By Peter Doshi and Jennifer Block
Dr. Doshi, an associate professor of pharmaceutical health services research at the University of Maryland School of Pharmacy, leads the Restoring Invisible and Abandoned Trials Initiative. Ms. Block (@writingblock) is the author of “Everything Below the Waist: Why Health Care Needs a Feminist Revolution.”
Most people have been hearing for months that a coronavirus vaccine, given to a sufficiently large proportion of the population, will induce herd immunity and ultimately end the pandemic. And that now, with two authorized vaccines, the challenge is to inoculate as many people as we can — which means convincing the significant number of people who are hesitant.
But before we demonize the 40 percent of Americans who say they aren’t ready to roll up their sleeves, let’s step back and consider whether herd immunity is actually the right goal right now.
If the clinical trial results presented by Pfizer and Moderna hold up in the real world, the vaccines will be highly effective at protecting the people who receive them from getting sick with Covid-19. But the trials did not measure whether vaccinated individuals can still infect others. This means we can’t assume that the vaccines — even adequately deployed — will eradicate the virus. They might; we just don’t know. That’s why officials are urging that those who have been vaccinated continue to wear masks and practice social distancing.
In the meantime, it’s needlessly divisive to use pressure, shame or mandates to get people vaccinated. Officials could instead look at their glass half full. Sixty percent of people are willing — and until recently, 60 percent was the herd immunity goal.
(Last month, Dr. Anthony Fauci acknowledged he had adjusted his estimate upward based on what he felt the public was ready to hear, saying, “We really don’t know what the real number is.” The danger in such paternalism is that it can undermine the very thing people need to make good decisions: unbiased information.)
Perhaps a more helpful way to think about restoring public life is to think of Covid as a storm. Most people will ride it out just fine. But the storm poses a real threat to a minority of people, who, because of age or medical conditions or workplace exposure, are particularly vulnerable to its winds. These people are far more likely to have severe complications of Covid-19 that lead to hospitalizations, overwhelmed ICUs and deaths. And these individuals stand to gain the most by the shelter a vaccine hopefully provides. Let’s make sure all of them have easy access to one before attacking those who aren’t sure they want one.
There’s another reason health leaders should resist the hard sell: The vaccines are not risk free. Most side effects appear to be mild and short lived, but not all. For example, with the Moderna vaccine, the frequency of grade 3 adverse events — those severe enough to prevent daily activity, including fatigue and muscle pain— is higher than it is for mostvaccines: 17.4 percent, or nearly one in five 18-to-64-year-olds who received the vaccine in the company’s trial. (Grade 3 adverse events appear to occur less frequently with the Pfizer vaccine, but a direct comparison is not possible.) And there have been some serious allergic reactions. It’s reasonable for people to weigh all of this in making their decisions.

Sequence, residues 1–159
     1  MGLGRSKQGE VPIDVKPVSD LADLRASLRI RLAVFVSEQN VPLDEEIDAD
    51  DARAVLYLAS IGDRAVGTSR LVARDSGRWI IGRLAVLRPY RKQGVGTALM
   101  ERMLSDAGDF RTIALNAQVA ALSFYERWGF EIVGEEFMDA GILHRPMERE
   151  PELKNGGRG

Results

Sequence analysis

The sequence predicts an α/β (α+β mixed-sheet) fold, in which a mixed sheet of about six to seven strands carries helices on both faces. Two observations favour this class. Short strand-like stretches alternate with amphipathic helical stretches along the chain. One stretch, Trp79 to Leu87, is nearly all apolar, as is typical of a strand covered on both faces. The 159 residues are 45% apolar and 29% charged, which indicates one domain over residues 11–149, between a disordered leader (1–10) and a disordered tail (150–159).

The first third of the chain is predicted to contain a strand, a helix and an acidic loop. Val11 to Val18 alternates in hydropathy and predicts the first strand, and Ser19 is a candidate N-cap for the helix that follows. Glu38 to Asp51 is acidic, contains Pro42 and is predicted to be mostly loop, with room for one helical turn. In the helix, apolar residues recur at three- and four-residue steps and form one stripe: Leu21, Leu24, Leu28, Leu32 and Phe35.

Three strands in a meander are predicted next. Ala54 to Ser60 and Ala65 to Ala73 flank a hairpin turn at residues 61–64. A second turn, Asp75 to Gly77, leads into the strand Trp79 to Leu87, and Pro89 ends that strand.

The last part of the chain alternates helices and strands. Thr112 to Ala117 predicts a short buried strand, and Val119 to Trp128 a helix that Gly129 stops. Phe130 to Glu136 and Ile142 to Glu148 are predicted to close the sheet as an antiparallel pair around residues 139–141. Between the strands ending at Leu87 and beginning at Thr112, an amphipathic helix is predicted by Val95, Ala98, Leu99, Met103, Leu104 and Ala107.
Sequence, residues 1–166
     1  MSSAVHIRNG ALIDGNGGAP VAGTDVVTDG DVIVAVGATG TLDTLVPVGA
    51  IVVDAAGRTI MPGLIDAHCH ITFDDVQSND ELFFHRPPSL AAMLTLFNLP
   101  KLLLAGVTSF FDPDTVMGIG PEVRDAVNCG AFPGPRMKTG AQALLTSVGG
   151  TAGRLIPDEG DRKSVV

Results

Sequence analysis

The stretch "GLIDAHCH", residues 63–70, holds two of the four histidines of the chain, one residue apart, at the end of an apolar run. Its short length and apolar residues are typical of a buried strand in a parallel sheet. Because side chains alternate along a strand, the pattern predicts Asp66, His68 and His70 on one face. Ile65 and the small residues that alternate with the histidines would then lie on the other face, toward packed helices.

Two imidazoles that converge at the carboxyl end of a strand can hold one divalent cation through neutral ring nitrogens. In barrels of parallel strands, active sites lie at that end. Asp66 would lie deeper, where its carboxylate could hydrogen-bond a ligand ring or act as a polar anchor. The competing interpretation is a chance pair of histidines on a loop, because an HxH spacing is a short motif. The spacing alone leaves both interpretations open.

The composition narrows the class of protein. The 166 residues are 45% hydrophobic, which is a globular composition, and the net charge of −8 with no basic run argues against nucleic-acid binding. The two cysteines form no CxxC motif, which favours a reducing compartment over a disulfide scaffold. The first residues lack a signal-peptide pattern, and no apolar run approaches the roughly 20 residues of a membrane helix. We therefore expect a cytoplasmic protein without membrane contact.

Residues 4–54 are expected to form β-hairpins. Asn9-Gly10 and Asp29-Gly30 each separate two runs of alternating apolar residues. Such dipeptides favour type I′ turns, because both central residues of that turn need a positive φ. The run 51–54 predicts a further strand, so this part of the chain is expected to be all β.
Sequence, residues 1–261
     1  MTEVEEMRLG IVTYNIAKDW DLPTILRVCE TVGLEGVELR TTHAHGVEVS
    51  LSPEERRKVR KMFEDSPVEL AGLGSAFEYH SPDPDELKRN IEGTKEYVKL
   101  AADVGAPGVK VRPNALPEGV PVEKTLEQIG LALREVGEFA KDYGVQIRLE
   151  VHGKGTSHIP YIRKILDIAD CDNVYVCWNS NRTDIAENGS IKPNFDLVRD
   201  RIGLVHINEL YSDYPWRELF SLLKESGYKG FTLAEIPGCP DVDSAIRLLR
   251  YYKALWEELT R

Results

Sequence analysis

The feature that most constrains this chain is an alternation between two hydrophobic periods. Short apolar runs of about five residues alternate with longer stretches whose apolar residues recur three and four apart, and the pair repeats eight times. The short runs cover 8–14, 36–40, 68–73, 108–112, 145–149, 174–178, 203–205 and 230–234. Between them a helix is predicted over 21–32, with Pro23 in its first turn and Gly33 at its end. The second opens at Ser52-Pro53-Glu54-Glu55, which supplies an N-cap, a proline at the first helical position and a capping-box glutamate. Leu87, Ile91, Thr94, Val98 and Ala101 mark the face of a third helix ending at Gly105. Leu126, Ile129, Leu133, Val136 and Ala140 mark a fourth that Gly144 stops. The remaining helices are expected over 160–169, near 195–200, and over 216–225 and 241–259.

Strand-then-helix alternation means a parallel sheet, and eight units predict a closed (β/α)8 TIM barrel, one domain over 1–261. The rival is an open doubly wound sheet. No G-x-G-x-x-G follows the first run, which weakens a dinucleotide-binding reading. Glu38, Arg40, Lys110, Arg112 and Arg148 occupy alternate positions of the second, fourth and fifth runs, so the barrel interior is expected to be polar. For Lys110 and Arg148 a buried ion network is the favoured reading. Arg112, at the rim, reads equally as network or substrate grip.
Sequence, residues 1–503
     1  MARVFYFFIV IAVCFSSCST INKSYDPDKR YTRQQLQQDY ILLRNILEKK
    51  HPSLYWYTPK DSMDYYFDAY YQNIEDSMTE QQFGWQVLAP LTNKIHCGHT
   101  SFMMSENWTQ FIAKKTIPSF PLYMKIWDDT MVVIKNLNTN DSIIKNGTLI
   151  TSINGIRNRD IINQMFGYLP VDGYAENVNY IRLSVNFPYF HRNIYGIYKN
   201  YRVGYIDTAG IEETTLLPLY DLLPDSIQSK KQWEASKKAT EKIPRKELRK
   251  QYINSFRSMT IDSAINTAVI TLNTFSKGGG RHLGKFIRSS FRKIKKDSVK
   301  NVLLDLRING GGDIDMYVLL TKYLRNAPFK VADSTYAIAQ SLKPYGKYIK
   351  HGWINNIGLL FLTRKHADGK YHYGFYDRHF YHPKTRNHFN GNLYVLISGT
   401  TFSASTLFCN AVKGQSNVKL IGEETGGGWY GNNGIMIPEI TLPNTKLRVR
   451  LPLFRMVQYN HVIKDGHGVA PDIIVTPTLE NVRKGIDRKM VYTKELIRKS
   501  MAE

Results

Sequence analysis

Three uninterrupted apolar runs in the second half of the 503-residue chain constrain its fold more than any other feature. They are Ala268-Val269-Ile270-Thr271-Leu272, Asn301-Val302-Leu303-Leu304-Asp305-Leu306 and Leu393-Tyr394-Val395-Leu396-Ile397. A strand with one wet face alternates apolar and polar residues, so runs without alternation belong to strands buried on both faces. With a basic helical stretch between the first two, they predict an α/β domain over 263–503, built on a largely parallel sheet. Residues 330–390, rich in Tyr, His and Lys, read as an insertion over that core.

For those unlikely to become seriously ill with Covid, the vaccines’ risk-benefit analysis is not clear cut. Nor is it obvious for groups that were excluded from the trials, such as pregnant women and immunocompromised individuals. Then there are the millions of people who have already been infected and acquired immunity.
There is also a legitimate lack of trust between the medical establishment and women and Black and brown communities. This is finally being acknowledged by public health leaders, but the assumption is that once historical trauma is overcome, mass acceptance should follow. This can further alienate marginalized groups by denying their agency in making an informed decision, whichever way it lands.
It doesn’t help that more and more, all these people are being labeled anti-vaxxers. MSNBC’s Chris Hayes recently suggestedthat the “right wing disinformation machine” — the same one that challenged the presidential election results — could undermine confidence in the vaccine, leaving us with “a real problem on our hands.”
But considering a vaccine’s risk-benefit ratio is not the work of conspiracy theorists. Many people who are hesitant now may turn out to be later adopters.
We must be alert to misinformation, but we also need to resist magical thinking on vaccines: “Safe” is a term of advocacy, not science or journalism.
We all want the storm to pass, but we have to keep clear heads: Help the people at risk of drowning into lifeboats, then see about life jackets for the people already on board.